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outlook in the picture has changed. that's part of the reason the president is so firm about not going back to the debt ceiling conversation again and creating that level of instability and not bending on this issue of raisings the rates on the top 2%. >> yeah. i think -- >> go ahead. >> it's an important point. i think the american people are seeing that the president has already agreed to more than a year ago to that $1 trillion of cuts. that was 100% in cuts as part of the budget control act and he's always said we need a balanced approach. we can't do it through cuts alone. he has proposed additional cuts as part of the process but you need to have that revenue component to have the balanced approach. he has been insistent that we help our infrastructure and help the things that move the economy forward and it's interesting that republicans are so focused on this bonus tax break for 3 million americans but they have opposed or certainly been silent on the idea of extending for one year the payroll tax cut that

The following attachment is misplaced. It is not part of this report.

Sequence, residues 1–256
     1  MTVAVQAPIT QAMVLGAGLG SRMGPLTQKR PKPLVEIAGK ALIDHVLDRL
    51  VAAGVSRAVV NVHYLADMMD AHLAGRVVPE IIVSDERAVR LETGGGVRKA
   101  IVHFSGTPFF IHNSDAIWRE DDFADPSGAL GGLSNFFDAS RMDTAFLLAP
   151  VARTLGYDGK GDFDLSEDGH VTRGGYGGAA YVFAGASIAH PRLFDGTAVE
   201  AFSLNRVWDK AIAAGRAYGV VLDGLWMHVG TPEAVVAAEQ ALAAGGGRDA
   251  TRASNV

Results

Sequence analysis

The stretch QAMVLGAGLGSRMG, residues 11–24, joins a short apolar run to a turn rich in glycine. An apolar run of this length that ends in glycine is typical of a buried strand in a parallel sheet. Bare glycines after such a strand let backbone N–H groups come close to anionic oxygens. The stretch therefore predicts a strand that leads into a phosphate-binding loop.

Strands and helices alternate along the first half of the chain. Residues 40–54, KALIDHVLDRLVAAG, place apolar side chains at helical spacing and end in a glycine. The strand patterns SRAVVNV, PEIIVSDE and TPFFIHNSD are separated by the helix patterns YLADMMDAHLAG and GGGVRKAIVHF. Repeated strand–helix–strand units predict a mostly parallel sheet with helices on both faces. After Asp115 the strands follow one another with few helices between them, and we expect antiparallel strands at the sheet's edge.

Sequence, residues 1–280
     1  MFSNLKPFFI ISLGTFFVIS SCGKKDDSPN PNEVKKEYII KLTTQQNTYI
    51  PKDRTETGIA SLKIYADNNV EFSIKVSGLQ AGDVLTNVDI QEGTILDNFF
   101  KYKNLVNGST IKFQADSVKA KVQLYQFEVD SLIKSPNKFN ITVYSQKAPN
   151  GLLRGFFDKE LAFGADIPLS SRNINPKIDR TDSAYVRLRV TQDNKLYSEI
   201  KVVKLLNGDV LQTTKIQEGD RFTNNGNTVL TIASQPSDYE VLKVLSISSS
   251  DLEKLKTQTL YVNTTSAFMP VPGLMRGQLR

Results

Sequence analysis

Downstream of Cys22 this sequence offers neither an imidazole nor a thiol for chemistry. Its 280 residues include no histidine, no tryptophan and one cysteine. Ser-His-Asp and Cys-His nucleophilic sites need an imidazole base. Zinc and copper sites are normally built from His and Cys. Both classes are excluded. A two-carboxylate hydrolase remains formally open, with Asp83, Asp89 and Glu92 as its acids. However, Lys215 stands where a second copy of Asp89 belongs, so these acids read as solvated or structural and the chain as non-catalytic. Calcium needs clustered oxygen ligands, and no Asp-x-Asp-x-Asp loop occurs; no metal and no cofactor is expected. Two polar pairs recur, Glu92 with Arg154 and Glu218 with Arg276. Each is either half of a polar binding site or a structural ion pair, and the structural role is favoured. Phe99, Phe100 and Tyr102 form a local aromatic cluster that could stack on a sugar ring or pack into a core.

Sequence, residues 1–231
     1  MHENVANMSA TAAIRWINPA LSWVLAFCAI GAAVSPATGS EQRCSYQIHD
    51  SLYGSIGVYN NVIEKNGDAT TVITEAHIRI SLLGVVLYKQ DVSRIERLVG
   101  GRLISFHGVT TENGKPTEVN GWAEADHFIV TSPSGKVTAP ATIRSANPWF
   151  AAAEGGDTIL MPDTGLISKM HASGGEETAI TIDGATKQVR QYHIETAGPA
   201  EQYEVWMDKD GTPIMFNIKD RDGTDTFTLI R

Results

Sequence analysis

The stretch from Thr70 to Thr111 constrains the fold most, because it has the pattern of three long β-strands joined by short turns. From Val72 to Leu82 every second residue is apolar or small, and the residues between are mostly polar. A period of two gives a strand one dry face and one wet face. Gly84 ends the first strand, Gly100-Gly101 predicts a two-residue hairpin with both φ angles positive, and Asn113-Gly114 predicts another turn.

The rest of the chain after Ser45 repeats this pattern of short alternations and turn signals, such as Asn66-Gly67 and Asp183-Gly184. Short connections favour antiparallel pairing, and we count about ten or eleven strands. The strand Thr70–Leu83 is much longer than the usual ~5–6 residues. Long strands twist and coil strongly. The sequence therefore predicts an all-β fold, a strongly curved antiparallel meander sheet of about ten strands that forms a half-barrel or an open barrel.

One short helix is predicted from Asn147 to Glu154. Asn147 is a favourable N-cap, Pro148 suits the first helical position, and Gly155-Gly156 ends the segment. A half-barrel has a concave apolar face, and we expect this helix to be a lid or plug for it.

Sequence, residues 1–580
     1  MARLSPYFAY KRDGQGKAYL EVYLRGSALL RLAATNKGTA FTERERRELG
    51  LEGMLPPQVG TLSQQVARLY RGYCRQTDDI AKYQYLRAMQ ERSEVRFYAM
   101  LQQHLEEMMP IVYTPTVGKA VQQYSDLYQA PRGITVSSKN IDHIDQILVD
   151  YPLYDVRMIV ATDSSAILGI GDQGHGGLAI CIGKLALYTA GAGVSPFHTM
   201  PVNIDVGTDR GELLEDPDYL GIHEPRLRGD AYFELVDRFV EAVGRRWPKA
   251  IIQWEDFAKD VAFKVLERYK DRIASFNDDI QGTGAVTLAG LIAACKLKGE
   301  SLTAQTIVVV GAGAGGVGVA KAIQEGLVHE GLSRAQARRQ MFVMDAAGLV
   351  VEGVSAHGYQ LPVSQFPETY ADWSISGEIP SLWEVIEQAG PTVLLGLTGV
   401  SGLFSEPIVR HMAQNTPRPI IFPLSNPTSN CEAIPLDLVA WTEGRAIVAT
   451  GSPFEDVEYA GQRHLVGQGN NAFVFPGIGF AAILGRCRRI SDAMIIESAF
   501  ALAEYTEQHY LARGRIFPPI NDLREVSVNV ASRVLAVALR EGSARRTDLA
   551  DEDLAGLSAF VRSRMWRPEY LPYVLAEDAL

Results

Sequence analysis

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benefits 160 million americans and has a much bigger impact on the economy than the small tax breaks for the wealthy. >> congressman, before we let you go, i have to ask, a lot of attention has been paid to the infighting in the republican party as far as coming to the table on this deal. if there is a big package put forward, it is probably going to have some, as melinda says, poison pills for the democrats as well or at least things they're uncomfortable with. i guess, you know, there are two wings of your party that you probably have to get to the table, progressive democrats who are not going to want to see changes to the entitlement programs and centrist democrats a little uneasy with the notion of a tax increase, how concerned are you about getting your caucus in line? >> well, what we've said and the president has said, social security, for example, needs to be dealt with on its own terms. social security is owed over $2.5 trillion and we can work on the long-term solvency of social security but not going to raid social security for the deficit purpose. with respect to medicare, you